A Winning Hand at Eurasian Summit
Armenia presided over the Eurasian Economic Union (EEU) supreme summit, which began on October 1 in Yerevan. Much background politics and theatrics were at play.
The session took place on the heels of Prime Minister Nikol Pashinyan’s lackluster tour of the US; indeed, a crowd of 30,000 was anticipated at the Los Angeles rally. There were barely 6,000 enthusiastic expats who showed up, to whom the prime minister was profusely grateful. No prominent political figure met the Armenian leader, despite fanfare that Armenia had abandoned its strategic ties with Moscow, leaning Westward.
His photo opportunity at the halls of the United Nations headquarters with President Trump hardly amounts to a political success; the photos are proforma.
Back home, some speculations and apprehension anticipated the EEU session, where in addition to the regular members of the organization, Armenia had invited the heads of Iran, Moldova and Singapore, which expanded the economic potentials and parameters of the organization.
During the previous session of the EEU, which had taken place in Kazakhstan, that country’s then-President Sultan Nazarbayev had snubbed the Armenian leader and dispatched his representative to the session. At the same summit, Belarus’s President Alexander Lukashenko was outright dismissive of Pashinyan, if not insulting.
During the October 1 session, a drama was brewing with President Vladimir Putin’s anticipated participation. Russian media had signaled the Kremlin’s displeasure regarding the Velvet Revolution in Armenia, and social media in Yerevan was abuzz with gloom and doom.
Former President Robert Kocharyan’s incarceration became a major issue and it actually turned into a political tug-of-war between the East and West.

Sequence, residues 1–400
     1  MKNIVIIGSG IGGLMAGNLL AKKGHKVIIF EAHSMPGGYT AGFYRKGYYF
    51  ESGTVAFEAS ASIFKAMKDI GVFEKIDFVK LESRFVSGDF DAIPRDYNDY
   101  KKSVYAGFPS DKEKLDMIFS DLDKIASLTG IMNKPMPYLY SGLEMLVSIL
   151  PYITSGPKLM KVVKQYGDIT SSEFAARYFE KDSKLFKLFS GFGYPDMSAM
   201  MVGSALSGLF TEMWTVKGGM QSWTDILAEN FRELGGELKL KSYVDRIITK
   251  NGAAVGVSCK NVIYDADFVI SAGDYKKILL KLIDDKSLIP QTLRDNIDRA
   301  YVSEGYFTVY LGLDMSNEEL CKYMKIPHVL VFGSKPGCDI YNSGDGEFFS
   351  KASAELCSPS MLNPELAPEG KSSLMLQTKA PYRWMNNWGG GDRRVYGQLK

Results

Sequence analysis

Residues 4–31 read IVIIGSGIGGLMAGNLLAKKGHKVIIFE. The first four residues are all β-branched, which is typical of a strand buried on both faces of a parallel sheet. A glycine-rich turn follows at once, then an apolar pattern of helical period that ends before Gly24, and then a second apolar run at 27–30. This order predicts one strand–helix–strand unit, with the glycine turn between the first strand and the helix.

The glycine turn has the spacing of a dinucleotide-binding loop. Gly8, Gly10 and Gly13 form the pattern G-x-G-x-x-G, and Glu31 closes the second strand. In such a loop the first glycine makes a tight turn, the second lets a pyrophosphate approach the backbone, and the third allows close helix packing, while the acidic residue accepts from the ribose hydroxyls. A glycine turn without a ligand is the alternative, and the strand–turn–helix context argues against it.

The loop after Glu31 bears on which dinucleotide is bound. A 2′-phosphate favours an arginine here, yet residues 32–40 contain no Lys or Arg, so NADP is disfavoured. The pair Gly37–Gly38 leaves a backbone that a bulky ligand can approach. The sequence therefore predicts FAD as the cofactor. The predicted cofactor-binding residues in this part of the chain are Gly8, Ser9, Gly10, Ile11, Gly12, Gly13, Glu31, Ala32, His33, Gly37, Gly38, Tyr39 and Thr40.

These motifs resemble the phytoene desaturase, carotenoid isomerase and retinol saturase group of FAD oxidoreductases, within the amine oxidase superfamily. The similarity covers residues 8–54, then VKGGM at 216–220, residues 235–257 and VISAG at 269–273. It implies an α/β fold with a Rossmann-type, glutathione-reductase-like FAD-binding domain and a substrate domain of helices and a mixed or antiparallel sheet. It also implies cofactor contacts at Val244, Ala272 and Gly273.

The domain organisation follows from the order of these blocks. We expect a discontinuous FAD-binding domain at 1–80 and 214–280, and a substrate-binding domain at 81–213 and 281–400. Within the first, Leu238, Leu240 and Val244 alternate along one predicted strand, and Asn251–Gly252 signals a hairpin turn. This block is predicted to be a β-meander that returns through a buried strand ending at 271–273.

President Putin had indicated that he would meet his old friend, Kocharyan, even in his jail cell. Therefore, a race against time began, and despite public rancor against Kocharyan, his potential release from jail became a cliffhanger.
Many hoped against hope that he would be released from jail temporarily to save the administration from embarrassment. Political pressure behind the scenes was certainly at play to deny a victory to the Russian President.
Bringing this drama to a close, Judge Anna Denibekyan declined the request by Kocharyan’s lawyer, Hayk Alumyan, to bail out the former president from behind bars. This judicial stand was interpreted by the media pundits as a reassertion of Armenia’s sovereignty.
Pashinyan’s administration was also able to withstand pressure by the EEU members to invite Azerbaijan as an observer to the organization. That drive was also deflected to forestall any possibility of cooperation between Baku and the EEU, at least on the leaders’ forum.
The opposition media were speculating that either President Putin would not show up at the last minute, or if he came, he would attend the official session only and depart in a few hours.
Indeed, Putin emerged from his plane with a poker face, but as the day wore on, his demeanor became livelier. Instead of heading to Kocharyan’s jail, he opted for a brief encounter with Mrs. Bella Kocharyan. He fully participated in the proceedings of the program and on his way to the airport, he had a 1.5-hour one-on-one conversation with Prime Minister Pashinyan.